Going All In
Generally, I’m a proponent of spreading your bets in life. Better to have a few projects on the go that have a small change of success, than 1 project that takes up every waking hour of your day.
To every rule though, there is exceptions.
This week I’ve been musing on the idea of going ‘all in’. Sometimes in life opportunities come a long that are just to good to pass up, and require you to throw your soul into them.
“Opportunities come infrequently. When it rains gold, put out the bucket, not the thimble” — Warren Buffet.
Output can be non-linear. When you go to the supermarket and pass your groceries through the checkout counter you are experiencing linear output. The cashier can only work at a certain pace, and he certainly has no ability, in the confines of his predicament, to use brain to create large amounts of wealth.
When Satoshi Nakamoto coded the blockchain for Bitcoin, this was probably the largest example of non-linear output in history. In just a few months (presumably) of focused coding, Satoshi created, what is now valued at $1 Trillion of wealth.
All potential work in life falls somewhere on this spectrum of linear to exponential returns on your input. You want to avoid the linear like the plague, and seek the non-linear doggedly.
Sometimes in life, rare opportunities present themselves. Opportunities where with a fixed amount of work, you can reap a huge reward. These are the times when you need to go all in. These are the times when you need to look out of the window, see it’s raining gold, kick your thimble into the abyss and lay down your bucket.
A couple of weeks ago I read ‘The Beginning of Infinity’ by David Deutsch. It was a challenging read. The kind of book you mull over weeks after reading.
One of Deutsch’s central arguments was that explanations of how the world works don’t come from experimentation. As someone who previously subscribed to the Nassim Taleb school of ‘skeptical empiricism’ my view theory exists to explain what happens in practice. The engineer, through experimentation discovers how to make a lightbulb, and the scientists then figure out why it shines.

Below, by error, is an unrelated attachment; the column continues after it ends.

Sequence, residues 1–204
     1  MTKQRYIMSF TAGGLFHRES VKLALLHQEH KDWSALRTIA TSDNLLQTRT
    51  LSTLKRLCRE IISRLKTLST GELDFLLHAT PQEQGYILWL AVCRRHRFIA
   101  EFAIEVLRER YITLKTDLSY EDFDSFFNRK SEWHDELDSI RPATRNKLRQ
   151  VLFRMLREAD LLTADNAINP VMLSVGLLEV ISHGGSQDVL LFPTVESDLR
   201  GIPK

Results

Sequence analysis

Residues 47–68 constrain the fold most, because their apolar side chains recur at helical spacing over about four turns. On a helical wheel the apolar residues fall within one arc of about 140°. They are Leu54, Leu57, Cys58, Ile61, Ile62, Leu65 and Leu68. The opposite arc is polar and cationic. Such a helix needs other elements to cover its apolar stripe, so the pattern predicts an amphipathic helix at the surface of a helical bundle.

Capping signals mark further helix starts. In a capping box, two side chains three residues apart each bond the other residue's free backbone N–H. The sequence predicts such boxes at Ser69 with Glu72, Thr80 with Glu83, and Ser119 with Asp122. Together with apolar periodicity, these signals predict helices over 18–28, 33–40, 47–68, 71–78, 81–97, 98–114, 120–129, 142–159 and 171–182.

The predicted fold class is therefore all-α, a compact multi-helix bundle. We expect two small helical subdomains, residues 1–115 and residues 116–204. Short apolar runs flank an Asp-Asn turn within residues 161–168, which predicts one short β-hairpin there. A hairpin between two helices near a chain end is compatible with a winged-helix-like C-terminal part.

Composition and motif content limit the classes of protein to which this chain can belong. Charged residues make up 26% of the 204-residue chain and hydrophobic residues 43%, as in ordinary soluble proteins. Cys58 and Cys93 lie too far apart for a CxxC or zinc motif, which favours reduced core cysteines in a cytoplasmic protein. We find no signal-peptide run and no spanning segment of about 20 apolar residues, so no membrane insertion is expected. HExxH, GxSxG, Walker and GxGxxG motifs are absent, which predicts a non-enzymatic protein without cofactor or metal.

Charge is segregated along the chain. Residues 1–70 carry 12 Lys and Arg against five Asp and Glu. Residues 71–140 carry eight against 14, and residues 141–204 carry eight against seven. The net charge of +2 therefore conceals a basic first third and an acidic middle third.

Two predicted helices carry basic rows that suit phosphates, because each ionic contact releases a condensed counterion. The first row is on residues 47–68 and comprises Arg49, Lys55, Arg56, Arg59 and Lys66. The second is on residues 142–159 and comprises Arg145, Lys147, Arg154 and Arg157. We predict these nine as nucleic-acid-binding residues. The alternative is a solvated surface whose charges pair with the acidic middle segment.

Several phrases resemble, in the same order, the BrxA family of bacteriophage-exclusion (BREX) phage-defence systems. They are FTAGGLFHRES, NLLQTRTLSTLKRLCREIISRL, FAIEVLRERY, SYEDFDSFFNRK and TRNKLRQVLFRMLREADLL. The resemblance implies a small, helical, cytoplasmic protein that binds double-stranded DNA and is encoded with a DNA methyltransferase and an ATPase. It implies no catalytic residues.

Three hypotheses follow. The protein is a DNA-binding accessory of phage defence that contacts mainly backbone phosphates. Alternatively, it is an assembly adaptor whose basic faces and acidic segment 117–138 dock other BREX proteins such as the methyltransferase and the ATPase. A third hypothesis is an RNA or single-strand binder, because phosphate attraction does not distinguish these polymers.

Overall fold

Deutsch proposes the alternative viewpoint, nicely rounded up by Naval,
that good explanation aren’t derived from observing but from creative though, that comes out of nowhere (and is one of the great mysteries of life).
For example, when I’m watching a sunset with my young kids, I ask them: “Is the sun going somewhere? Is it moving? Or is it that maybe we’re moving, and we’re moving in such a way that it looks like the sun is setting?” Which is the proper explanation?
Looking at it naively, you would think the sun is hurtling across the sky and going around the Earth. But that’s not the only explanation. There’s a completely creative explanation that seems to fly in the face of the obvious observation of the sun’s movement but could also fit the facts—but it requires some creativity. That explanation is that the Earth is rotating.
Good explanations don’t have to be obvious. They’re not derived from just looking at what happened in the past. Rather, they are testable. There are experiments we can run to figure out if it’s the sun that is going around the earth or if it’s the Earth turning..